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Donald Trump may lose his bid for the US presidency, but many will be waiting to take his mantle. EPA/JIM LO SCALZO

A new breed of post-Trump populist leaders could put the US on the path to fascism

Donald Trump’s apparent derailment as a serious contender for the White House has brought sighs of relief from many political observers. But the future of US politics remains far from benign.

Trump has given voice to tens of millions of Americans expressing a hardening discontent with the political and economic status quo. The divide between the Establishment and anti-Establishment is now the main game in American politics – and it’s a divide as entrenched and potentially toxic as that between North and South in the American Civil War.

Some label the anti-Establishment movement pervading America as “Trumpism”.

But they’ve got it wrong.

“Trumpism” suggests an ideology. It suggests a coherent set of principles around which disenchanted Americans can articulate a game changing political agenda.

Trump is no ideologue. It should be clear by now that he is a misogynist and narcissist whose ability to outline a coherent agenda to America’s voiceless is severely limited by his character failings.

However, as former Foreign Minister Bob Carr recently highlighted, it doesn’t really matter if Hillary Clinton defeats Trump on November 8. Far more competent, grassroots politicians will line up to take over the Trump mantle.

Without an infantile and pampered property mogul in their sights, it will be much harder for the US Establishment to discredit its anti-Establishment opponents.

A new, post-Trump breed of leaders will be more adept at shifting populism toward a more sinister “ism”, one that widens and deepens grassroots discontent. What we could be seeing is the emergence of fascism - American-style.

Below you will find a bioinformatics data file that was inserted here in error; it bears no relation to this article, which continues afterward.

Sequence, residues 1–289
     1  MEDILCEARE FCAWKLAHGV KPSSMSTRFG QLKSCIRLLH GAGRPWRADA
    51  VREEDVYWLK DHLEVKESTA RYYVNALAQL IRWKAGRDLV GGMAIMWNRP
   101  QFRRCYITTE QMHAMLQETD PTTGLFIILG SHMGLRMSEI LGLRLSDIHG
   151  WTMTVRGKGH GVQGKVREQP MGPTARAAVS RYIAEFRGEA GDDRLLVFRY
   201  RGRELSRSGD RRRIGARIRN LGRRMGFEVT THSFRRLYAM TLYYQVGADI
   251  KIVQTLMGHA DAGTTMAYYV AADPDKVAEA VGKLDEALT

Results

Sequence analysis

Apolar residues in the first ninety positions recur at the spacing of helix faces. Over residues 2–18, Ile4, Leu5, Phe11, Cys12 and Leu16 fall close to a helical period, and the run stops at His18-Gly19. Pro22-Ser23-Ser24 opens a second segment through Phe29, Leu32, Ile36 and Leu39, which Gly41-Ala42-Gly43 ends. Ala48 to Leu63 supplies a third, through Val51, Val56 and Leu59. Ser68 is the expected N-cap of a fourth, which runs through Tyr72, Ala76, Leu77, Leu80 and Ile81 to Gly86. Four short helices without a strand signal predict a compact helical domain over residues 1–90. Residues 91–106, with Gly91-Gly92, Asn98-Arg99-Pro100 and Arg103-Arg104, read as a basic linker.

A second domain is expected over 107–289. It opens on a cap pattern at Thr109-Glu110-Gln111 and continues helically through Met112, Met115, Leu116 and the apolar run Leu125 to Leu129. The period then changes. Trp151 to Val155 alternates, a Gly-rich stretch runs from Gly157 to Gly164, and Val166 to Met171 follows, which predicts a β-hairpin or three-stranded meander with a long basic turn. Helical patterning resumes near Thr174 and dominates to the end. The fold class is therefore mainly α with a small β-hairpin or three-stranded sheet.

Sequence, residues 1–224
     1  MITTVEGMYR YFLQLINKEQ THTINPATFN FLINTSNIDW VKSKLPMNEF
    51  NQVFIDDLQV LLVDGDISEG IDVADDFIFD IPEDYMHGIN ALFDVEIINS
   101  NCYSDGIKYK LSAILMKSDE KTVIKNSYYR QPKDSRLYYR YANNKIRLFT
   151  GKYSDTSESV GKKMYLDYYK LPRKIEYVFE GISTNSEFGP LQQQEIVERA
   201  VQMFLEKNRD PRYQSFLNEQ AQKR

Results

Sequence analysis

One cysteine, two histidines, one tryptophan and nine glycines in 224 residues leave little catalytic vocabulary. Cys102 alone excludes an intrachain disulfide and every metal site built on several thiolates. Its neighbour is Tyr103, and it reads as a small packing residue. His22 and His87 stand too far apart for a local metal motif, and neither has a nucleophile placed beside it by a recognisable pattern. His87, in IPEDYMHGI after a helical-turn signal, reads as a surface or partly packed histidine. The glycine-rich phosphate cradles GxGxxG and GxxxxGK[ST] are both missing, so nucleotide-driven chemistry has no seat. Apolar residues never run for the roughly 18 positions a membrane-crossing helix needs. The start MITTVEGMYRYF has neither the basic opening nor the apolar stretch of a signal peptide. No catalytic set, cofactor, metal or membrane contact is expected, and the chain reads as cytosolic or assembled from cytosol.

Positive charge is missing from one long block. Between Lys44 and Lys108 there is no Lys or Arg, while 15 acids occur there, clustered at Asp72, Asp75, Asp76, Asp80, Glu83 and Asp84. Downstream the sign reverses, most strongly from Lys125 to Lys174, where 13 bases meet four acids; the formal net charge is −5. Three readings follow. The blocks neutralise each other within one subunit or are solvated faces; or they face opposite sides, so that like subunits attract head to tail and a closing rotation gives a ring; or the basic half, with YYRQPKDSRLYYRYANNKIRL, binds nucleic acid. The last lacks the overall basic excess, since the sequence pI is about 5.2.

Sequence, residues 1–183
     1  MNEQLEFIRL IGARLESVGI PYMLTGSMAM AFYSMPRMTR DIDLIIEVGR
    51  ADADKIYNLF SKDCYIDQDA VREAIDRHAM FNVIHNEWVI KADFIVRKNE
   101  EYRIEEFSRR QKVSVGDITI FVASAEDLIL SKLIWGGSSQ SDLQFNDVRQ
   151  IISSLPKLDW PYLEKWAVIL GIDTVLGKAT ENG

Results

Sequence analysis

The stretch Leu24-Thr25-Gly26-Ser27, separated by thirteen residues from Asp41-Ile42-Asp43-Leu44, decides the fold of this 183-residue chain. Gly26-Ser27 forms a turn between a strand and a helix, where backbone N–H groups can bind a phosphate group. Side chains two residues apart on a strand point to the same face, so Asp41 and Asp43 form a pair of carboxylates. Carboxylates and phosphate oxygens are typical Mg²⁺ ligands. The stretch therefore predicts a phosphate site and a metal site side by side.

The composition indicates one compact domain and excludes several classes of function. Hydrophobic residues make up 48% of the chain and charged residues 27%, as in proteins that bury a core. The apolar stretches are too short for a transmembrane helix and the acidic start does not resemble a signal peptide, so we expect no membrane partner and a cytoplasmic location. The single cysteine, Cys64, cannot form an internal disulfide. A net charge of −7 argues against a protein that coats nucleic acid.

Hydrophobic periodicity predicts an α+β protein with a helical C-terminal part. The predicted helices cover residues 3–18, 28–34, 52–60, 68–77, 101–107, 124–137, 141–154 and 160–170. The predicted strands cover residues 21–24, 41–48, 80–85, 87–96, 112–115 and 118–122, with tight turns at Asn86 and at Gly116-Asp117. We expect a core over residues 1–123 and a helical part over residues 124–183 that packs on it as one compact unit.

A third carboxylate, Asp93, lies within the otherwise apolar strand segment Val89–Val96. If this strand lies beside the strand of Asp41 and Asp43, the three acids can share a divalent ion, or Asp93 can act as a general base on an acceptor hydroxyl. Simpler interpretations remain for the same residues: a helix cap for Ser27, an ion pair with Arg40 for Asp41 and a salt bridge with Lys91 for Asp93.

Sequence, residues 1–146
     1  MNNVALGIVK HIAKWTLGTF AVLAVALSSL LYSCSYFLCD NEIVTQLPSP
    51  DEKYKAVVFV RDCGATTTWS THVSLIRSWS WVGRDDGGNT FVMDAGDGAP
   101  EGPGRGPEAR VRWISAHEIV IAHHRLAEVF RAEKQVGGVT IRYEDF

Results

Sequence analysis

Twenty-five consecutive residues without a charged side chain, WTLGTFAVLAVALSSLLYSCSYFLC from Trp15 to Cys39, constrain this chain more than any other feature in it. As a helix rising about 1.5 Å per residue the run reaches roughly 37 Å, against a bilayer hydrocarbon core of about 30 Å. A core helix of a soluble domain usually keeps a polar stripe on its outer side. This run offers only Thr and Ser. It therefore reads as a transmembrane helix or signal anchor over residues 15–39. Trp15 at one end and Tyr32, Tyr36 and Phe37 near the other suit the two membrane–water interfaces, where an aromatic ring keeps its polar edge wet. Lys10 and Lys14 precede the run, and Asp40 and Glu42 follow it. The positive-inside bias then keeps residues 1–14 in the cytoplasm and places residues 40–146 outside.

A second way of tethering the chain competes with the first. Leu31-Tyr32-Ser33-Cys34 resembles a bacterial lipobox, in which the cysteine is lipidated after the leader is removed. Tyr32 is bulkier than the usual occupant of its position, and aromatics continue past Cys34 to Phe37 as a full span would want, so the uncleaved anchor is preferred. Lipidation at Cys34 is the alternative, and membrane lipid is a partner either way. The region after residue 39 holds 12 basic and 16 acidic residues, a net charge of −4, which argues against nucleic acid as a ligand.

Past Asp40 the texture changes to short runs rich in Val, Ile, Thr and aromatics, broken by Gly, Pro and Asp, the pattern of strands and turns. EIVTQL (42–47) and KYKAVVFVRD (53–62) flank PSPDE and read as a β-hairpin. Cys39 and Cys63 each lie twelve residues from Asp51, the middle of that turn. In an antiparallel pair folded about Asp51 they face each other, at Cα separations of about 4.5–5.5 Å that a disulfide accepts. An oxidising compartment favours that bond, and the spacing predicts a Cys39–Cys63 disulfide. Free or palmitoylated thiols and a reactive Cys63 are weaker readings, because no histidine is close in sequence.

If you think America, the land of the free, is immune from such tendencies, just look to history.

During the Great Depression, when the US was split by similarly extreme divides between rich and poor, self styled “strong men” gained huge grassroots support from those who felt trampled and betrayed by the Establishment and saw liberal democracy as a plaything for the powerful.

Many looked to Nazi Germany for inspiration, claiming “rigged” democracy should be sacrificed to reduce economic disparity and allow the nation to recapture its former glory. Groups such as the German-American Bund and US Black Legion echoed the racist mantras espoused by Hitler and Mussolini.

These groups failed to break through, thanks to the innovative leadership of Franklin Roosevelt, who rebuilt America’s democratic capitalist system by blending it with a big, new welfare state.

Trump’s campaign has energised and empowered right wing, anti-Establishment groups across the US, effectively giving them permission to metastasise into something more mainstream and odious.

They trumpet Trump’s isolationist agenda to wider audiences, along with his threats to exclude Muslims from America and promises to restore the nation to its former glory.

Even if Trump loses in a landslide, there will be many millions who agree with his claims that he lost the presidential race due to moneyed interests rigging democracy. These supporters will be more likely to sacrifice a political system they see as delivering them nothing.

If Clinton wins, can we expect her to show the same innovative leadership as Roosevelt and curtail these threats? The answer is: unlikely. For all her high level experience, Clinton is reminiscent not of Roosevelt, but his predecessor, Herbert Hoover.

Hoover is often remembered as the well meaning but ultimately hapless President unable to comprehend, let alone contend with, the political and economic disruption brought on by the Great Depression and the deep societal splits it created.

Clinton will break new ground if she becomes the first female US President. But her campaign’s dependence on Wall Street donations and highly-scripted style of communication make her a reflection of the deep disconnect that fuelled anti-Establishment populism in the US in the first place.

We should be deeply worried about what Trump’s campaign signals for the future of American politics. As populism in the US hardens into something more ominous with Clinton’s likely victory, we should be equally concerned about an increasingly fractious America turning its anger outward.

Mark Triffitt will be online for an Author Q&A between noon and 1pm AEDT on Thursday, October 27, 2016. Post any questions you have in the comments below.

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